What do you do in this situation? I did the thing that was most sensible. I drew out some money from the nearest cash point and then considered my options. When you're trying to route something to its destination, you can spend ages calculating the optimal route, considering all the options. Or, if time is pressing and you want a near-optimal result, you send the thing on the first and quickest thing going in the right general direction.

Thus, I found myself on a train to Woking. Woking!

At Woking, I got a taxi to Farnborough. In fact, I already looked at a map (Google maps on the mobile phone) to establish how far it was, and looked up a mini cab firm to order a taxi from. They turned out to be located about half a minute's walk from the station. They talked me from the platform to their office. Outside their office a guy tried to bundle me into his car. Firstly, I spoke with the dispatcher to make sure that I wasn't being abducted. Then I got in the Passat and let the guy drive.

I tried to chat with this guy, whom I think came from Pakistan. I got that from the fact that he mentioned Pakistan at some point during the "conversation". I say conversation in that I know we both made the effort to talk during the journey. His command of the English language was, to put it mildly, limited. However, he tried and I certainly speak less Urdu than he speaks English.

I could tell that we were just saying words at each other. Still, we valiantly plodded on.

We arrived at Frimley station. He was about to pull in when I said "I wanted to go to Farnborough. This is Frimley". He thought about it and then said to himself "Frim-ley... Farn-borough..." I helpfully added "Farnborough is the next one - about 5 more miles". We continued on, and he rehearsed the name "Farn-borough" a couple more times, throwing the occasional "Frim-ley" into the equation. By the end of the journey, and after he'd followed the road signs to "Farn-borough" we arrived at my car. Job done.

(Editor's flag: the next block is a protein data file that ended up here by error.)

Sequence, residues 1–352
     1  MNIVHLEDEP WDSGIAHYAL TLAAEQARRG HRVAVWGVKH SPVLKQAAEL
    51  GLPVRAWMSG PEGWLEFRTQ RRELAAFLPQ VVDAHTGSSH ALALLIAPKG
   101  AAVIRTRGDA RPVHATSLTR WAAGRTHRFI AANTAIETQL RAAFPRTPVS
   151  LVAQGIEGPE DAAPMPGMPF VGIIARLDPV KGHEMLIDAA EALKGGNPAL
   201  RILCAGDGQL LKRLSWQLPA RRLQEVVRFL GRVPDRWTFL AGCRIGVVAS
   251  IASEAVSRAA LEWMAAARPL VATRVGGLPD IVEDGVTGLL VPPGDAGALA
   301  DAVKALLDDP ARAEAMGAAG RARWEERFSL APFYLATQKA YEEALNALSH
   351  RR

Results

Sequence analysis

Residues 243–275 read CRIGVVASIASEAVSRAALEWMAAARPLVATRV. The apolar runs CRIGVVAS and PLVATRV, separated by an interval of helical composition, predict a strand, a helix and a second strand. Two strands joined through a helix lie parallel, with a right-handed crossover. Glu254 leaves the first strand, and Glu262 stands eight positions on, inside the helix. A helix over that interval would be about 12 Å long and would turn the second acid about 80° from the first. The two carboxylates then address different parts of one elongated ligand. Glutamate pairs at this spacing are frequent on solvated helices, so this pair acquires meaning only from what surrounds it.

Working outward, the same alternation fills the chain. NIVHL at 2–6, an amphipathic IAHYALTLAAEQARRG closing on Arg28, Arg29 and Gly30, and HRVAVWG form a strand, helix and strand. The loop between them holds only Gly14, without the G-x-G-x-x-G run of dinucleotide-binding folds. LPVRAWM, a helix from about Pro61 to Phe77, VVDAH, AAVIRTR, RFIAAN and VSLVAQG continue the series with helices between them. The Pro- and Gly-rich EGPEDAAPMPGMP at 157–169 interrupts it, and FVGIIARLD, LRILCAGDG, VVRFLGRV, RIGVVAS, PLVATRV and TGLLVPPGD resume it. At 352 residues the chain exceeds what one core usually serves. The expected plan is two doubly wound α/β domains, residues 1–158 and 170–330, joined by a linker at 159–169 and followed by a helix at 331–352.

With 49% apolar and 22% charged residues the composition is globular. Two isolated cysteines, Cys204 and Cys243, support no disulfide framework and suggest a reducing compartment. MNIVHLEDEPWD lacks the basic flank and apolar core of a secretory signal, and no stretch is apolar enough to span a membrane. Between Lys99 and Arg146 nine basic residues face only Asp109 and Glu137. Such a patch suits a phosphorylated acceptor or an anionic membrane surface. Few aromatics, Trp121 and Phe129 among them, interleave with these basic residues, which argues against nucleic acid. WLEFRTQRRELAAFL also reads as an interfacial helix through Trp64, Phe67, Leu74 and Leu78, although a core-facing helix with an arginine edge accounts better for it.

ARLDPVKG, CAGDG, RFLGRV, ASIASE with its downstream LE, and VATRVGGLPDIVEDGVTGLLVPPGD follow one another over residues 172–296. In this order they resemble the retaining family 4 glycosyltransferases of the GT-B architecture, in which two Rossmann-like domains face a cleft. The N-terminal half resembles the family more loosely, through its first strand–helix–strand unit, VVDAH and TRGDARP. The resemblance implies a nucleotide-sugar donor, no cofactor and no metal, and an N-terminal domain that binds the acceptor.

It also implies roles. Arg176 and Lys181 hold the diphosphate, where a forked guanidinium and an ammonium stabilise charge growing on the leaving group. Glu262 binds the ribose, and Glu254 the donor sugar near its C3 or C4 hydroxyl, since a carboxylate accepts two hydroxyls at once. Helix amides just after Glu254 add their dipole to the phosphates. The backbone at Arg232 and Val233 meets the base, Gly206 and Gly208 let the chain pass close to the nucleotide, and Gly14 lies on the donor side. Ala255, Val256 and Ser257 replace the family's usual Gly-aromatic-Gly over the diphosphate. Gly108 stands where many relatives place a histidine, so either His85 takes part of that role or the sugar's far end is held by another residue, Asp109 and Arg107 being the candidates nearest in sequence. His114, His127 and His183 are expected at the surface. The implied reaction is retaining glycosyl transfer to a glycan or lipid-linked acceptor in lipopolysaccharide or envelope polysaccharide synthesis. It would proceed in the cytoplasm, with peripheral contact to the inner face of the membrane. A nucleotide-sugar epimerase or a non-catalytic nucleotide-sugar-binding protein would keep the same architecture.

Then I drove home. Legally.

I'm not suggesting that my taxi-driving associate has no legal right to drive in this country. I'm simply pointing out that I presently do have one, and that I wasn't about to compromise it further by driving illegally.

A shower and then bed. To sleep, perchance to wake up tired.

Wednesday, July 25

It's All Going Random

Only 2 and a half days left in this job. They want me to change the password on my computer tomorrow - owing to a security policy, rather than to stop me using it. So, I'll have to have a new password for one day. Plus, I put a letter in the tray where letters go to be posted... nothing... I just picked it up again. I'll post it myself, then. This is all getting a bit silly.

On The Record

Last night I did something I haven't done in a while. Oh how such a sentence will make childish minds everywhere snicker guiltily to themselves! Anyway, in this case, the something was perfectly clean, legal and edifying.

Along with my musical comrade from years gone by, I recorded a song. Now I'd like to be specific about this. I personally did the recording, not the playing or the singing or anything like that. I was the fat man in the sound booth - except it wasn't a booth, it was a spare room in my house. The other chap brought along his guitar and a load of musical ability. I provided the venue, a multi-track recording desk, piano, bass guitar, cabling, FX pedal, power and know how. In fact, the know how was initially "not quite remembering how" but then I recalled how to use the recording desk and also looked up some stuff that I'd never known how to do. Oh, and I also discovered some stuff I didn't know it could do.

There was the small matter of the lyrics which I'd written, which needed to be rewritten on the hoof a little to make them into a song that suited the actual tune. Luckily, there was my printer nearby and I could quickly nip into the next room with my laptop and print out a new version of the lyric sheet.